“Do research on a topic you like, stick to it, and pursue it to a particular goal” such as writing a paper, developing a patent, or piquing student interest. “Also, have patience – do those things consistently.”
Xiaoping Hu, a native of Nanjing, China, received his Ph.D. in medical physics from the University of Chicago in 1988 and has served UCR since 2016. His areas of expertise include magnetic resonance imaging and spectroscopy, functional MRI, image reconstruction and processing, and molecular imaging.
Hu, professor and chair of the Department of Bioengineering and founding director of the Center for Advanced Neuroimaging at UCR, was drawn to science, technology, engineering and math (STEM) classes as a child. Intrigued by semiconductors and the science behind technology, he thought he’d become a physicist. But graduate-school physics projects left him cold: He found them remote and abstract.
“So I searched for a field that would still utilize my physics background and produce things that I could see and be immediately applicable,” Hu said. “I found MRI and never regretted switching to it.”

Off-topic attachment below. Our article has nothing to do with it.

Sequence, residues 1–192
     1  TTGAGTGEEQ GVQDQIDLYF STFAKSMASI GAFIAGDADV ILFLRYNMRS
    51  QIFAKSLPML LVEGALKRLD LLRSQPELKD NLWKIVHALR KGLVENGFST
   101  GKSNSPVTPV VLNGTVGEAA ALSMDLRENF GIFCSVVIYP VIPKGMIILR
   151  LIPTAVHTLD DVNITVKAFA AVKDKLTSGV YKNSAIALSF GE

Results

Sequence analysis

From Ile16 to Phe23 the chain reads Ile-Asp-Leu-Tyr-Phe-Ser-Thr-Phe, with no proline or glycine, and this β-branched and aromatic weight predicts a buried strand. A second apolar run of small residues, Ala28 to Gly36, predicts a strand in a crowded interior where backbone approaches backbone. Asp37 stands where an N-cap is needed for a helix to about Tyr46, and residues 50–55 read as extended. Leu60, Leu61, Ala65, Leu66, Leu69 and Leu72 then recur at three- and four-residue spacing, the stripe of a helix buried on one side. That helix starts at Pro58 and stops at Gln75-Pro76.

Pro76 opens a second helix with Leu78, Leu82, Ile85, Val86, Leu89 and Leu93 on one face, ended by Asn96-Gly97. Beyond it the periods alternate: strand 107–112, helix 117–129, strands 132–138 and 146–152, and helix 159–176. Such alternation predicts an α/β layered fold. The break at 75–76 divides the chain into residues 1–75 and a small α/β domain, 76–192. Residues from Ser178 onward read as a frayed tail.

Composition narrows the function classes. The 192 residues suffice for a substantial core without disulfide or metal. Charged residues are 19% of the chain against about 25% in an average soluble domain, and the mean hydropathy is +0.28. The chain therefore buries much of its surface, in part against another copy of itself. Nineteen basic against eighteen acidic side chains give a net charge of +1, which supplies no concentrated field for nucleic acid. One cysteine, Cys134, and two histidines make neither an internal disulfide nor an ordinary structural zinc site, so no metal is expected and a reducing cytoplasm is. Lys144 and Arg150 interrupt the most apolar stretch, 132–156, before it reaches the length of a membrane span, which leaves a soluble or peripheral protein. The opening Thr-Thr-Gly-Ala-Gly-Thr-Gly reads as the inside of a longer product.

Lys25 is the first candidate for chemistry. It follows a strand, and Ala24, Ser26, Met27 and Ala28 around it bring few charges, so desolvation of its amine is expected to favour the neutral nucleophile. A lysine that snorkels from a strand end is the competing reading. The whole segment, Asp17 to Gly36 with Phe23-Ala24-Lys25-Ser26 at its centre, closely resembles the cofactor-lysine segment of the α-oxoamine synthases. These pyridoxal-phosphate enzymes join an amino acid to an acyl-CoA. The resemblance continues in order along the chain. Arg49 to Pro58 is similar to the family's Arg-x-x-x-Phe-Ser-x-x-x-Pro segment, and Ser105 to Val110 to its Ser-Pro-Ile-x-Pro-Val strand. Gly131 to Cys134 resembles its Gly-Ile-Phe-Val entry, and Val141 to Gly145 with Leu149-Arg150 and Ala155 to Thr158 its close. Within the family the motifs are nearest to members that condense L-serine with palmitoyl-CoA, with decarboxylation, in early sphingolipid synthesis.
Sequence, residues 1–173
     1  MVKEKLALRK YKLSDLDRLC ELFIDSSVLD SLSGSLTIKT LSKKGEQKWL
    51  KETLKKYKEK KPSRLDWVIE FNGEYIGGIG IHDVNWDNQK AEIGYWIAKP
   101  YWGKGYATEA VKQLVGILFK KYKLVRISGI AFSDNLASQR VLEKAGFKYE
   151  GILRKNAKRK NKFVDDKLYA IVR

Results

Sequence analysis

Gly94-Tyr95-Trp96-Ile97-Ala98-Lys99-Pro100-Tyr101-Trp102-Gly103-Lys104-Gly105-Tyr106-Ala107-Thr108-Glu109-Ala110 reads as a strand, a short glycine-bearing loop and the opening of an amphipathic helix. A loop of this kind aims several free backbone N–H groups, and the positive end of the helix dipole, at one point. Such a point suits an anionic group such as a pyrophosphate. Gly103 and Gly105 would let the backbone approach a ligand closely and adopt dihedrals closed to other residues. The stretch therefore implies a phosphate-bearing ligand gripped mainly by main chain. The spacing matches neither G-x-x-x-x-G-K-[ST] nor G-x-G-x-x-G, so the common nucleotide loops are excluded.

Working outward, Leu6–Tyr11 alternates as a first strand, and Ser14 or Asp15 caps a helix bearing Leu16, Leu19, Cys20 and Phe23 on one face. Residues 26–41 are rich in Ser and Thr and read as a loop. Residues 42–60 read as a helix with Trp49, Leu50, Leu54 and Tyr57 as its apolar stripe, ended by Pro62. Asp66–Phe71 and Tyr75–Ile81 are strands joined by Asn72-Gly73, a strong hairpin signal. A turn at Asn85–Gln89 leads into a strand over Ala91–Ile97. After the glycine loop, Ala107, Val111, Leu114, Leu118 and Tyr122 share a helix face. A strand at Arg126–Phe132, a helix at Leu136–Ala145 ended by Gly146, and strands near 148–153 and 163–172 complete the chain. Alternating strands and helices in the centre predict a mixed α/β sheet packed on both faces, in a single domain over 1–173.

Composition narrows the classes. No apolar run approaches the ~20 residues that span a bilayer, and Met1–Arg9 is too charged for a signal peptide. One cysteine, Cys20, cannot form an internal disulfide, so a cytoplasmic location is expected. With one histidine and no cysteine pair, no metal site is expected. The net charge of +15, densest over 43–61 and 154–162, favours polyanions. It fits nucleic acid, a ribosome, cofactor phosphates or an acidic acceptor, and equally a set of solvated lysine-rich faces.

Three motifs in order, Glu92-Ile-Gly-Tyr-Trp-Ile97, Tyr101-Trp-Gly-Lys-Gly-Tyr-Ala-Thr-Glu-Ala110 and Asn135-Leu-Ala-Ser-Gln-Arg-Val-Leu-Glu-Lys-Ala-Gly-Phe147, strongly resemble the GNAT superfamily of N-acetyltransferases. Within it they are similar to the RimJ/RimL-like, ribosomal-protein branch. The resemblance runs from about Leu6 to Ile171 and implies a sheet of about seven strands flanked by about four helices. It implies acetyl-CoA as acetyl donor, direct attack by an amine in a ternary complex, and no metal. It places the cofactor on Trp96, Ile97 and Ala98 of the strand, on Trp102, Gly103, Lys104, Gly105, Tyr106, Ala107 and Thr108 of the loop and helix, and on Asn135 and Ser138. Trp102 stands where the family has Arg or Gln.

Hu indeed has brought tangible advances to the field of MRI, which uses tube-like machines with a magnet, radio waves and a computer to create images of internal organs and tissues. Over the years, he has devised techniques that enhance MRIs, improve the diagnosis and treatment of brain disease, and support brain health, function and recovery.
First, Hu pioneered technology to remove unrelated noise and fluctuations – from a person’s heartbeat and respiration – from brain MRI signals. Second, he pioneered methods for MRI scanning, particularly brain scanning at very high magnetic field strengths, to yield better images: “like a picture with more brightness and better contrast in some areas,” he said.